After ricocheting off the fresh fruit and vegetables section, I tried to get my bearings. The heel had broken off my new Nike sandals, and my basket was now empty and lying upside-down at the other end of the aisle. I watched as a lonely tub of tofu disappeared under the aisle division. The blood rushed to my head.
Grasping the weighing machine for support, I spotted her, submerged to the elbows in purple cauliflowers. She had a baby on her hip which was screaming its head off, its sticky fingers entangled in her over-dyed mop of blond hair.
Now as any self respecting woman knows, there's a bad perm and there's a BAD PERM. This woman definitely sported the latter, with pride. I strode purposely towards her, breathing deeply.
"Excuse me!" I said emphatically. She spun around. The baby promptly dropped its sucker into the mop. She didn't seem to notice.
"Can you not see I'm busy?" she yelled at me, juggling onions at the same time as throwing random bunches of bananas into her trolley.
She barely paused for breath before letting loose a storm of verbal abuse. Shocked, I backed off slightly. She continued to rant, frantically waving an oversized banana in my face. The sucker stick was now barely visible. I hadn't even said anything yet. This woman was clearly not well or I'd just interrupted a breakdown in progress. I backed off some more. The baby started to cry. A crowd was gathering in the aisle.
"Security, please report to Aisle Three" came blaring out over the loudspeaker. I looked up. Aisle Two flashed menacingly above my head. Banana woman was getting closer.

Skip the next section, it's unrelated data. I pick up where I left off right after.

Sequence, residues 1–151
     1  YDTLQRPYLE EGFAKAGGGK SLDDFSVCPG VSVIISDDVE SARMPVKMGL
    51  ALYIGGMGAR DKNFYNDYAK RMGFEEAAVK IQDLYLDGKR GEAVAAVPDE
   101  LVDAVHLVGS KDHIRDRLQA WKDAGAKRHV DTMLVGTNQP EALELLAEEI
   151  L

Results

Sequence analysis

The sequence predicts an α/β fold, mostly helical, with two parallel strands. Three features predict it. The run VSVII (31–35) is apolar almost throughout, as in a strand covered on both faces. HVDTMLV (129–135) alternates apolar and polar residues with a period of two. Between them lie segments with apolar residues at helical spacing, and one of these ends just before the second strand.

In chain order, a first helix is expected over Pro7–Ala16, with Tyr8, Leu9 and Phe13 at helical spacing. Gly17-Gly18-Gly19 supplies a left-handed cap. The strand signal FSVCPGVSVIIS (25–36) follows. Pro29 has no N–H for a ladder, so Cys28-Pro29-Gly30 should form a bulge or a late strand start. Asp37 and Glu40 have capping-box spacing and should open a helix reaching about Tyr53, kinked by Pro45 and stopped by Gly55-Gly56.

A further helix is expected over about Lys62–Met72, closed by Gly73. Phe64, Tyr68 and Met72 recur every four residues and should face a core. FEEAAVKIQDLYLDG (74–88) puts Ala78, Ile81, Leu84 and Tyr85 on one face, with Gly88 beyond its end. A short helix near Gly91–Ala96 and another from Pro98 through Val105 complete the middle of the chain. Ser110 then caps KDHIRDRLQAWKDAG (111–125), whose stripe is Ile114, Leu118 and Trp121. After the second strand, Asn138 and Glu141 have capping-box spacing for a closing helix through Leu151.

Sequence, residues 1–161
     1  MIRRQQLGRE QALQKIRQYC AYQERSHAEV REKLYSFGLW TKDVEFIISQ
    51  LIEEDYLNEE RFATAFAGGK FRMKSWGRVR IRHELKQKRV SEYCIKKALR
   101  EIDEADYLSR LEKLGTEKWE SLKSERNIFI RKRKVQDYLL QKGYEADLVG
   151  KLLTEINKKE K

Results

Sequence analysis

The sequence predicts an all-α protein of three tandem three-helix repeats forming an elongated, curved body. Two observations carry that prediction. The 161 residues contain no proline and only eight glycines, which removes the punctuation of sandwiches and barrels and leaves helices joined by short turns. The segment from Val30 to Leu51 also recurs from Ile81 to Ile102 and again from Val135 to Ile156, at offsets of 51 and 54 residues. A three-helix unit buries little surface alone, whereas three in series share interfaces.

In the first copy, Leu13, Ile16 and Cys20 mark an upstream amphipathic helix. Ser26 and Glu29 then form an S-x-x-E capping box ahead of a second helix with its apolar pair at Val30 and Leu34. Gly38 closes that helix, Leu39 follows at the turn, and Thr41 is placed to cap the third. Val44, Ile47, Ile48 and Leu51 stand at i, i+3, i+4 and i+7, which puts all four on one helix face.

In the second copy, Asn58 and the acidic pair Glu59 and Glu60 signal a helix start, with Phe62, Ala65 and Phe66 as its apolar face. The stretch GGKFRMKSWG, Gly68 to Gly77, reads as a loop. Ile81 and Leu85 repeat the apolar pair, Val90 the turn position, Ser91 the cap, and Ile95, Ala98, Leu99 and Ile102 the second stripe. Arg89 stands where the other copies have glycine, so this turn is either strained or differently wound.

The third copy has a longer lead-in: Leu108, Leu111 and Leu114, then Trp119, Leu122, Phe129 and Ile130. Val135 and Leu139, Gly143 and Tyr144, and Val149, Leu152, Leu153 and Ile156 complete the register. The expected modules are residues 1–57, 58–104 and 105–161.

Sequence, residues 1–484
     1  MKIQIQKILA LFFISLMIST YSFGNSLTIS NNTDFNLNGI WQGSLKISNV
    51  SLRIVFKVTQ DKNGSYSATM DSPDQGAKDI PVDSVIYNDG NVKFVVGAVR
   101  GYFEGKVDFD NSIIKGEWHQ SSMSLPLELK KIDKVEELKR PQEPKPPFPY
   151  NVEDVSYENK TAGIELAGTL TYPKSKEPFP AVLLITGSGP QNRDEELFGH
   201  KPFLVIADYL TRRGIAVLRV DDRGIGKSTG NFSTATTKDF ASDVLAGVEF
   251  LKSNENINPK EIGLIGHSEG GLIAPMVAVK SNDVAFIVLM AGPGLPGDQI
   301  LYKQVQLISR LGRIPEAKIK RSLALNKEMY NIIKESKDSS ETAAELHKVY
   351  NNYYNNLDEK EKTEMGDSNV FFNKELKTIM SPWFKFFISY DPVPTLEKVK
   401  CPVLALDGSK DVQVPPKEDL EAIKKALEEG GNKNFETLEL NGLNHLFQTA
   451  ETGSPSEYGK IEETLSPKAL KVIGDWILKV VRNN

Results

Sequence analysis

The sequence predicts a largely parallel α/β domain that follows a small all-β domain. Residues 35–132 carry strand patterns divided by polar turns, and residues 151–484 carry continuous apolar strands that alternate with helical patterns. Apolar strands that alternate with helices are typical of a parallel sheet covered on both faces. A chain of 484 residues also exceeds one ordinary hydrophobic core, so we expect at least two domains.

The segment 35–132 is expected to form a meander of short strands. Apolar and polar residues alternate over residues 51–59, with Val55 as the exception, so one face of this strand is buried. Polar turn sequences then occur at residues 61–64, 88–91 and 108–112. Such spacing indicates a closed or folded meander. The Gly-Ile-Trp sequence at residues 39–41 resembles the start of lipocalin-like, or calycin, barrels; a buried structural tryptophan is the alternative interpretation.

I started to panic and began my retreat. I backed into the Bakery section in my haste to get away. She was still coming. I heard the crowd murmur. I couldn't move. My fingers closed around a packet of doughnuts. I was just about to hurl it at her when the baby threw up. She was momentarily distracted.
Taking the gap in a desperate "you can still save yourself" attempt, I heard a smash emanating from behind the tins of baked beans. Turning, I caught a quick glimpse of a very blonde head, before it vanished amongst the display. Oh God, not another one. "Mummy!" yelled the blond head as it catapulted into the trolley. The onlookers scattered. Mummy was frantically trying to wipe the vomit off her bright red Levis T-shirt when security rocked up.
Trying to look inconspicuous, which wasn't easy with a shoe in one hand and a packet of jammy doughnuts in the other, I negotiated my escape. I smiled sweetly at the security guard, shrugged my shoulders and made "she's gone nuts" gestures with my hand as I passed.
Turning briefly I saw the banana woman sitting in a crumpled heap on the floor, holding a packet of frozen peas to her head, a concerned store manager patting her shoulder.
Isn't it amazing how a harmless act of grocery shopping can suddenly turn into a bizarre health hazard? Why does this happen, and what have we been reduced to as a race?
Mall rage definitely exists. It’s a fact. It manifests in many shapes and forms, and has different causes and effects for everyone. Today’s lifestyle commands a much faster pace than 20 years ago. From dual-income families to singletons living the high-flying career life, most of us teeter dangerously on the edge from too many multivitamins and artificially high levels of gym-induced serotonin.